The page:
Posts Tagged ‘bloggers’

Michael Arrington of TechCrunch tells AOL, ‘Give us back editorial control or turn us loose’

Wednesday, September 7th, 2011
Wall Street Bull

Flickr Image: Craig S.

Michael Arrington, founder of TechCrunch, a blog focusing on technology startups, continues to cause quite a stir in the journalism world. Arrington announced last week that he is starting his own fund (CrunchFund), with the help of AOL, that will invest in small startup companies and has been under a barrage of criticism, mostly from journalists, for this unique arrangement.

Their main complaint is that Arrington, and other TechCrunch writers, can use the site, a highly trafficked blog ranking number 2 on Technorati’s list of Top 100 blogs (as of today), to potentially post comments and promote the same companies his fund holds positions in. 

As reported by Claire Cain Miller in the New York Times, the journalism world is claiming this type of arrangement violates the covenant of all journalism; reporters should avoid conflicts of interest by maintaining distance from the people, organizations and issues they cover. And, once again, fuels the debate over whether bloggers should be held to the same standards as journalists.


Needs don’t change; solutions do

Friday, July 15th, 2011

Valerie Simon

While evaluating Google+ last weekend, I couldn’t help but notice a lot of questions regarding how to engage in this new environment in the ways that we are familiar with on Facebook or Twitter. While that is understandable, perhaps, we can get to even better answers, not to mention engagement, if we stop focusing on how to replicate the way we currently do things and start asking about how to address a need not currently being filled with existing social Social Needs Don't Change; Solutions Domedia networks. In other words, let’s use this new platform to break out of our comfort zones and reconsider our social needs.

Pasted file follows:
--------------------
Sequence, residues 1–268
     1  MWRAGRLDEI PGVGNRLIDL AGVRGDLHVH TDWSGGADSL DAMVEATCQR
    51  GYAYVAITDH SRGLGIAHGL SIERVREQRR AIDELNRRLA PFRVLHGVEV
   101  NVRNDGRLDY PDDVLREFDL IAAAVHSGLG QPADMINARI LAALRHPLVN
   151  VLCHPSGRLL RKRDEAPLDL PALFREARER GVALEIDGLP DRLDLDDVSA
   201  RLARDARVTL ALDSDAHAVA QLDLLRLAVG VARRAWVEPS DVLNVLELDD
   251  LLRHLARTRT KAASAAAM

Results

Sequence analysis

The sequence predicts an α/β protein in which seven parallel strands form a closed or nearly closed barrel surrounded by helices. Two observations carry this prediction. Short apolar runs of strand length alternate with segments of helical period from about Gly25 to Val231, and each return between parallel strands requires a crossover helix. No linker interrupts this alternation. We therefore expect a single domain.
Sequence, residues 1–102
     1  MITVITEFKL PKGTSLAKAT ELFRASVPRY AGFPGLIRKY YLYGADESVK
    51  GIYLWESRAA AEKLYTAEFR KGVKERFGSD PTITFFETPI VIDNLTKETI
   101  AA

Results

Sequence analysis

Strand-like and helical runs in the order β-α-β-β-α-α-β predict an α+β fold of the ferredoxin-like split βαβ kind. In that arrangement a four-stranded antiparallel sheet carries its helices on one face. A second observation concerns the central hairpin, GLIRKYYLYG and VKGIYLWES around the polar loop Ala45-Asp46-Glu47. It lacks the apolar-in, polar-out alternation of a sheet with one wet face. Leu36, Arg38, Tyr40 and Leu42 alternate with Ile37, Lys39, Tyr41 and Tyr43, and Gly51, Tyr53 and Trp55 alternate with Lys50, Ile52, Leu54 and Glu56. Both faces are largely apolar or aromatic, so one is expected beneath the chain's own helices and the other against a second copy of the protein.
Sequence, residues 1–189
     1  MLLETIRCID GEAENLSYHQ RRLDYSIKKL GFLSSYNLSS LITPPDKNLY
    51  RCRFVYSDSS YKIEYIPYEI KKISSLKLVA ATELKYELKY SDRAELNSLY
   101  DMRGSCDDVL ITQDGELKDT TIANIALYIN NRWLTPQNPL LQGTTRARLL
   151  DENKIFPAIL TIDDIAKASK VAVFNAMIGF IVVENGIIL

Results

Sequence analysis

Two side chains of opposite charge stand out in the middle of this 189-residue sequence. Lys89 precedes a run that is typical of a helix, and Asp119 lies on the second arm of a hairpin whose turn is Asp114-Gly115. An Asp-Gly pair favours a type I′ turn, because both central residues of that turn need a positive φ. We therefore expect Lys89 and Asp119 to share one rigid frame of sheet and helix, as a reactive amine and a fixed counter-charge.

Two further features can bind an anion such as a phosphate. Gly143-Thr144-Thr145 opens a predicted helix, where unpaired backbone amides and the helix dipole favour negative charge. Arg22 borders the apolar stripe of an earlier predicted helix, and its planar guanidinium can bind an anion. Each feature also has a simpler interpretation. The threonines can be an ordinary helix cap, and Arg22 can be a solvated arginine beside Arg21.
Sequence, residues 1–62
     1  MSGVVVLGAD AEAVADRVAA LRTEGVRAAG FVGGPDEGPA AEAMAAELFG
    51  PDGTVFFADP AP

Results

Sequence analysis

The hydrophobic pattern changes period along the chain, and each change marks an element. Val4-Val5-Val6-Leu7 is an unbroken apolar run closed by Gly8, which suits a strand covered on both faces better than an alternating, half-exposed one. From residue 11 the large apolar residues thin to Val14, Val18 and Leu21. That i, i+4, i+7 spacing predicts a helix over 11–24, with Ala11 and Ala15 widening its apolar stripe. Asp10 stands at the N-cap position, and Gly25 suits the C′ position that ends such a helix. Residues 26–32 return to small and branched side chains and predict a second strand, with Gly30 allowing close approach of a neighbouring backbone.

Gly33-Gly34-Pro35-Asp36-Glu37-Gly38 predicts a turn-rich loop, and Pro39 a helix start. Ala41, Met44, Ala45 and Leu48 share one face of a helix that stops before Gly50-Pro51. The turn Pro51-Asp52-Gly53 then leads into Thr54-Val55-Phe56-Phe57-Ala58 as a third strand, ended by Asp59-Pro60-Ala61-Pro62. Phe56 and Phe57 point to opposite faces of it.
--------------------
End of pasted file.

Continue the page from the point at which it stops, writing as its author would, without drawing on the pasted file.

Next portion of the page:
Building a list or circle is not a need; organizing and managing our communications in a more efficient and effective manner is. What are our real social needs?  For example, I don’t think the question is whether the “Plus 1” feature in Google+ is equal to a “like” in Facebook. Perhaps it is more about, “How do I indicate that I am nodding ‘yes’ in agreement as I read your post or acknowledge that I have seen and read your post without actually having to comment?” And if I “Plus 1” a post does that mean I am endorsing you and how does that effect SEO? And maybe that leads to a greater need to convey additional emotions in a single-click and move beyond conventional algorithms.


Top Five BurrellesLuce Fresh Ideas Posts for the Month of April 2011: Smart Goal Setting, Brand Simplicity, and More

Wednesday, April 27th, 2011

Smart Goal Setting for 2010 smart goal setting concept
This post proves that setting “SMART” goals is always timely. To ensure success and empower ourselves to achieve both our professional and personal goals, goals need to be specific, measureable, attainable, relevant, and fit within a defined time frame.


When It Comes to Brands and Content, Simplicity Matters iStock_Communication_Small